These tests are often several thousand dollars to have done. I recommend only doing this if the testing will lead to something (ie another treatment). The problems we often face with the results of these tests is that we find many mutations that we think are just bystander mutations (targeting them with drugs won’t result in improved quality or quantity of life). We may find a mutation that we know does drive cancers forward, but we might not have a drug for it in development yet. There may be a drug in development, but if you’re not fit enough, or have other medical problems that mean you can’t get on the clinical trial to get access to it anyway, then it still won’t have helped you to have the test done. And finally, we may have a drug available for a mutation that we find that we suspect might help, but there might not be enough evidence out there to have satisfied the government to pay for the medication for you. In this case, if you want the drug, you may have to pay many thousands of dollars every month for a drug that we only suspect might help you. If you know that spending that much on a hunch isn’t possible, then we need to have a chat about whether doing the test in the first place is worth it.
Sometimes we talk about genetic testing to help give family members an idea of whether they may be at risk of developing the same, or related cancers, and this is a very different outcome and a completely different discussion. Many of these genetic tests are funded by the government, but there are some others that do cost, and I’m happy to investigate these for you if it’s something we agree on being worthwhile.
Immunotherapies are everywhere in the news lately. Cancers are sneaky; they know that they look different to normal cells and that there are immune cells circulating to try and find and kill them. Many cancers have adapted to express a “don’t kill me” signal that confuses these circulating immune cells, making them think they are normal cells. This can be seen back in the Hallmarks of Cancer diagram in Figure 1 in the top right of the diagram referred to as “Avoiding immune destruction”.
Immunotherapies work in one of two ways; they either block this “don’t eat me” signal (more common), or they try to make the cancer cells express an “eat me” signal. We are using combination immunotherapies in more and more cancers, and are also looking at using immunotherapies alongside chemotherapy and targeted therapies, or as a maintenance treatment after chemotherapy and radiotherapy. The research ongoing in this field is immense.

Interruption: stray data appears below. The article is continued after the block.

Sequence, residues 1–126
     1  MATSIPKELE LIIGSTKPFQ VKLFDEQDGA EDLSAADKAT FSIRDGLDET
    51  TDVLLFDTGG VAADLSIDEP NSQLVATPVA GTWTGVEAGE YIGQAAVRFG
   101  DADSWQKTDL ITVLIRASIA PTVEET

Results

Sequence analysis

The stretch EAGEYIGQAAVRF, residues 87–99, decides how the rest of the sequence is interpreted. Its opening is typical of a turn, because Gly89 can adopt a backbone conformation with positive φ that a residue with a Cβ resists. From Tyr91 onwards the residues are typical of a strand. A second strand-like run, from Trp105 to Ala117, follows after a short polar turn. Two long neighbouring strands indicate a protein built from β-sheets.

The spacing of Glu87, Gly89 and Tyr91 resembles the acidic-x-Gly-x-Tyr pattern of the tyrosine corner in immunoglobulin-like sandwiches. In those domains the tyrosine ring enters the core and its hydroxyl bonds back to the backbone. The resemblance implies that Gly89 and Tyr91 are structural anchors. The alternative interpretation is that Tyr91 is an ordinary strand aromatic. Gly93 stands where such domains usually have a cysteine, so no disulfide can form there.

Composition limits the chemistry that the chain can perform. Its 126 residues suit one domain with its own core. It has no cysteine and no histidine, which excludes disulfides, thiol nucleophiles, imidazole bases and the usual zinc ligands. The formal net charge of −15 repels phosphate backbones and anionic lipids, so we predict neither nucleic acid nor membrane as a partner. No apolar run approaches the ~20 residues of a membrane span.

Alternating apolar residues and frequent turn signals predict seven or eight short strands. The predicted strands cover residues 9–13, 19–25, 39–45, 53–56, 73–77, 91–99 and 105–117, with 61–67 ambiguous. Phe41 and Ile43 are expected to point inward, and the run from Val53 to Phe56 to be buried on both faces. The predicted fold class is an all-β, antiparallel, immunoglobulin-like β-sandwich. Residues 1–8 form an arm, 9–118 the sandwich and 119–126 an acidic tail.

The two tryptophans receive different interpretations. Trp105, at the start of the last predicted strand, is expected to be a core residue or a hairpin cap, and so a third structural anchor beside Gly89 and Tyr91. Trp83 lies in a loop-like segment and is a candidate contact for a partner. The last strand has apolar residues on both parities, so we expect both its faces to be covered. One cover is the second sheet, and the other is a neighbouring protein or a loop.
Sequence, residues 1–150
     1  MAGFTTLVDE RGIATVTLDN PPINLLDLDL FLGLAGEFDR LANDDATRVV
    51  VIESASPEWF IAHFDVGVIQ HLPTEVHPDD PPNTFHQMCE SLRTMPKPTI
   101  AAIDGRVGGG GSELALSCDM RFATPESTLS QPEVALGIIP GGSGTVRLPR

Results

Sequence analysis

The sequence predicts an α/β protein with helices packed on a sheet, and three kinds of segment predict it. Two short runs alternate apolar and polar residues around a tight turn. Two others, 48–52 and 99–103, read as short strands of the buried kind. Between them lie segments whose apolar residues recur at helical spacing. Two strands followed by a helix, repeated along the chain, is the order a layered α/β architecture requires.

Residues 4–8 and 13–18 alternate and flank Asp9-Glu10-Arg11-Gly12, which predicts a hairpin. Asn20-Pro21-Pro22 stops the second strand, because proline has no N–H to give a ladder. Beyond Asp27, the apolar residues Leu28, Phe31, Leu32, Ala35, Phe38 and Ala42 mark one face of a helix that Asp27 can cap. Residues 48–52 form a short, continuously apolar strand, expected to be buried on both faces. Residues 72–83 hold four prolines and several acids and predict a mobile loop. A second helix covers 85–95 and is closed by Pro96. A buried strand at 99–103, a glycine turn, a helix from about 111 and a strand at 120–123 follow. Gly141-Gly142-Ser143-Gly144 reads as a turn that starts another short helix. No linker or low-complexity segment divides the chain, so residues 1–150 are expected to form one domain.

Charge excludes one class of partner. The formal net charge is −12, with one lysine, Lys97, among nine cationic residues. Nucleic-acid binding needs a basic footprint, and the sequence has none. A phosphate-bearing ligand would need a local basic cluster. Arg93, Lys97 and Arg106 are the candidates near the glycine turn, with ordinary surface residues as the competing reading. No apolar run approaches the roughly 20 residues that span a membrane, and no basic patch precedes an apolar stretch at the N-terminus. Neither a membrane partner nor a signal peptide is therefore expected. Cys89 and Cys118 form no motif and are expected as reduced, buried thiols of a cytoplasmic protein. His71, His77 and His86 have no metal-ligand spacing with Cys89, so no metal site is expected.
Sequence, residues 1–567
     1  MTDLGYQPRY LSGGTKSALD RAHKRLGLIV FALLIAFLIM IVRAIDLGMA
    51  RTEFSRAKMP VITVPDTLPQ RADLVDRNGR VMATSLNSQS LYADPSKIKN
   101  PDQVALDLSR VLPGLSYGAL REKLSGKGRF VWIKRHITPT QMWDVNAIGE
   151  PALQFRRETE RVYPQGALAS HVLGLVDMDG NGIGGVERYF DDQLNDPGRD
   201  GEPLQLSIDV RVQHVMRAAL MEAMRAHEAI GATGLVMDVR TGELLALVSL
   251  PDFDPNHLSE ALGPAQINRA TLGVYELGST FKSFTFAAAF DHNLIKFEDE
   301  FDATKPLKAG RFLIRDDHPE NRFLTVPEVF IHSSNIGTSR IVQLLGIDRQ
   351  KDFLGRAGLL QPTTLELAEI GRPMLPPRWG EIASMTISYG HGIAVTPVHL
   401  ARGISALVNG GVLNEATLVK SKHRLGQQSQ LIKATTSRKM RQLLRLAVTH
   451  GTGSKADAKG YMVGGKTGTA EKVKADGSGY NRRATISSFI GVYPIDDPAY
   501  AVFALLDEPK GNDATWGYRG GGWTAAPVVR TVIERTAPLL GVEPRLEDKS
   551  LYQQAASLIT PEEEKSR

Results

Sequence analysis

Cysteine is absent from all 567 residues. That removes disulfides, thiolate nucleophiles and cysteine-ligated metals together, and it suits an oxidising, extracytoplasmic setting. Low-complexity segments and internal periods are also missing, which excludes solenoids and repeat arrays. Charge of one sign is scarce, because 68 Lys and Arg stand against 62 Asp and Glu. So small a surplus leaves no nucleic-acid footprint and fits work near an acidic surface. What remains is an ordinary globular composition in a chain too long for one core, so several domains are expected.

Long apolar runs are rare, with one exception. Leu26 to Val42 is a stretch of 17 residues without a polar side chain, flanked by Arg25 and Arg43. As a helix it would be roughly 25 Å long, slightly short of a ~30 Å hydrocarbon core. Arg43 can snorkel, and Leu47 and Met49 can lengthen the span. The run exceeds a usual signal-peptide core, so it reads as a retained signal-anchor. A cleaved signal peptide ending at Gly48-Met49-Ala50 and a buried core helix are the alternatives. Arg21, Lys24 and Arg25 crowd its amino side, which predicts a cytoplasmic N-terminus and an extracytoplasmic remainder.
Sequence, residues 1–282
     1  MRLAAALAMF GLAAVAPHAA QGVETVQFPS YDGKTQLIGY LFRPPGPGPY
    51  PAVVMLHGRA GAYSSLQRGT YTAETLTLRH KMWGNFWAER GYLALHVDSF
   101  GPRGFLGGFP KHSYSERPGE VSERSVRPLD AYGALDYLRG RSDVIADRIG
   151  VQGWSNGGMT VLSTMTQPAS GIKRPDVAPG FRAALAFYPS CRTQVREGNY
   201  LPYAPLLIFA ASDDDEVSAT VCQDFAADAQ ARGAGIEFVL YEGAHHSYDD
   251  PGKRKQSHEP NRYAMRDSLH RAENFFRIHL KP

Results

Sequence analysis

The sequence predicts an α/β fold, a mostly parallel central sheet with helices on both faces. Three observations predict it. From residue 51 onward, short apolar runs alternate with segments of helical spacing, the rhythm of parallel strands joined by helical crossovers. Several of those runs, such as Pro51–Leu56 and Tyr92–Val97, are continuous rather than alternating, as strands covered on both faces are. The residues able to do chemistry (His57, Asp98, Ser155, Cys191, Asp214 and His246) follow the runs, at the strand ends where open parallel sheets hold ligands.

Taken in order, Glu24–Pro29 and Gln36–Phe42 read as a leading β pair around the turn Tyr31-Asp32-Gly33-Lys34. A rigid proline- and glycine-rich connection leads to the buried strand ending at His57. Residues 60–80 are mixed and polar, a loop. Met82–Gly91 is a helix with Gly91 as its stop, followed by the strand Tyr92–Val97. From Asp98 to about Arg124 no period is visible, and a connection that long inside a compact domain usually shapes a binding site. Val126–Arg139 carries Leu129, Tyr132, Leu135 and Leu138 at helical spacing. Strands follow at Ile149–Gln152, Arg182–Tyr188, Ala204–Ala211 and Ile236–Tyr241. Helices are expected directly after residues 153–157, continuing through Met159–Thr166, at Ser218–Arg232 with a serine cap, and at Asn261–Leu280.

Immunotherapies are exciting, and when they work have the potential to work really well. The problem from my point of view is that firstly, they don’t work for all types of cancer. Often patients come to clinic asking about immunotherapies and we have to unfortunately explain that although we are seeing absolutely remarkable responses to immune therapy in some melanomas or lung cancers, we are not seeing nearly the same responses to immunotherapy in other cancers such as prostate cancer, pancreatic cancer, or glioblastoma.
Some cancers, even when you point the immune system directly at the cancer cells and take away their “don’t eat me” signal, just don’t seem that appealing to the immune system and it therefore doesn’t result in the immune system attacking the cancer. Additionally, the side effects, although less common than chemotherapy, can be severe. Especially when using combination immunotherapy – there can be upwards of a 60% chance of a patient ending up being admitted to hospital with a side effect of their immunotherapy that they may or may not fully recover from. The side effects of immunotherapy stem from the fact that the immune system can get confused and attack good tissues like lungs, liver, bowel, the thyroid gland, pancreas, and many others. We can cause people to be insulin-dependent or require hormone supplements for the rest of their lives, or severely and permanently damage their lungs to the point where they need oxygen at home, or even die. It’s sometimes very hard to balance the benefits and the risks with the severity of the side effects that we have seen. We have to pick which cancers are likely to respond to immunotherapy, and which patients could tolerate severe immune-related side effects of their treatment, if they occur) and balance this risk:benefit ratio to see if we think it’s a good idea to use immunotherapy.
This is not to say that immune therapies are anything other than complete game changers. In the field of melanoma, for example, historically we used chemotherapy that was honestly not thought to have much benefit (it does have a chance of helping, or else we wouldn’t offer it at all, but not much). Now we are seeing many patients with dramatic responses to immune therapies and have seen expected survival times improve from being measured in months, to being measured in years in many cases.